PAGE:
For Juliana Villegas Suarez the new year of study at Jacobs University began with a special event. The girl from Colombia received an award from the German Academic Exchange Service (DAAD) for her excellent performance in her studies and her social commitment.
Sometimes, says Juliana, she can’t believe that she is already in her third year of study at Jacobs University. The time passed so quickly. It is a good sign, because she enjoys her major “Global Economics and Management” very much. However, that she herself is now one of those students, that she looked up to at the start of her studies, is something she still can’t get used to: “It’s pretty strange,” says the 20-year-old. “Suddenly, there is no one here who was already here when I started.” Except for the professors, of course. And they praise her in the most glowing tones. “Her essays are among the most well founded and well thought-out that I ever read at this university,” wrote one of them when asked who should win this year’s DAAD prize and the associated sum of 1000 Euro. At the award ceremonies, the Dean, Professor Werner Nau, noted Juliana’s top grade average of 1.17 as well as her social involvement. It was the opening of the new academic year. Sitting in the audience were hundreds of first semester students. Juliana is probably now a role model for many of them.
In the neighboring refugee shelter, the “Blue Village,” she looks after children. She is active in fundraising activities for kindergarten children whose families do not have money for Christmas presents, she is involved in the Rotaract Club on the university campus, and she has also helped organize blood donor drives, along with the “Women’s International Leadership Conference” at Jacobs University. Advocating for social causes and working for her own academic success – for Juliana, these are not contradictions. Even as a schoolgirl in the Colombian metropolis of Cali, with its population of 2.4 million, she was already working for children from socially disadvantaged families. “Even back there, I already enjoyed playing with children and planning Christmas gift campaigns for them,” she recounts.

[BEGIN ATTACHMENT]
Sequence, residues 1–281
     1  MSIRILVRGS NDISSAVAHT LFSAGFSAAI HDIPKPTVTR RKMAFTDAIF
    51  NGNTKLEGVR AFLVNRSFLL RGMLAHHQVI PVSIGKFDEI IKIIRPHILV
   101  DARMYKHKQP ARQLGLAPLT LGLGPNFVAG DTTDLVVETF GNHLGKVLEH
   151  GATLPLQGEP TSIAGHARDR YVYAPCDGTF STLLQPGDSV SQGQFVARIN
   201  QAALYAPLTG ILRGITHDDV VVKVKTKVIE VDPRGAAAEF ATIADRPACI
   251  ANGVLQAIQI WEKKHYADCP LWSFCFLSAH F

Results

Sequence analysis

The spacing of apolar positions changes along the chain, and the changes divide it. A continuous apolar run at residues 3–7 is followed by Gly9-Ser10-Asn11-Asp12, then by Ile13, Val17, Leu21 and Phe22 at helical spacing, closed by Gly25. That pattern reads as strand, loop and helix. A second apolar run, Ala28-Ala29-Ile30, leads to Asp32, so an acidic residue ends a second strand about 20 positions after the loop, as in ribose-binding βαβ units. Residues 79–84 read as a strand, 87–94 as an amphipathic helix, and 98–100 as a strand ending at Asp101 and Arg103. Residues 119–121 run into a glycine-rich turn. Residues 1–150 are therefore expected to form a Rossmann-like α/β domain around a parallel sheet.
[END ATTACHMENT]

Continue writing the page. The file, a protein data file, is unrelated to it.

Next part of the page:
Of course, the social gaps in her home of Colombia are much greater than here in this country. “In the beginning, seeing how well organized everything is in Germany was both irritating and fascinating to me at the same time. I already knew about the problems in my home. But studying here in Germany has actually put that into even clearer focus.”
In Colombia, she heard the term Jacobs University for the first time, when two friends started studying in Bremen. “They infected me with their enthusiasm. During recruiting activities for Jacobs University at my school, I decided to apply.” Leaving behind her family and her familiar environment – that wasn’t easy at first, Juliana says. “But my fellow students experienced the same thing.” Three-fourths of the students at Jacobs University come from abroad; spontaneous visits to parents and siblings are not possible for most of them. So, from day one, Juliana met fellow students who, at the very same time, were in the same situation as she. “From the beginning, the atmosphere was very open and warm. I quickly got to know some wonderful people.” In getting used to living in Germany, she was helped by her host family, which had been located for her through the “Host Family Program” of Jacobs University. About 500 host families from Bremen and environs offer students from abroad a little bit of home away from home. Most of the students do live on campus, but they enjoy having a point of reference in the new environment. Juliana, for instance, meets up with her host parents and siblings every week, who live near the university. “We understand each other very well. My host parents have a daughter my age and a son the age of my brother.” In any case, Juliana loves her life in Bremen. The thought of moving away is hard for her. “It feels like a real privilege to be able to study at this university.”
With her Bachelor degree, she would like to apply for a graduate program. “Someday, however, I would like to move back to Colombia and, for example, work for a nongovernmental organization there,” she says. “I have had a lot of luck in my life so far. For that reason, I would like to help other young people in my home country have an opportunity for a better future as well.”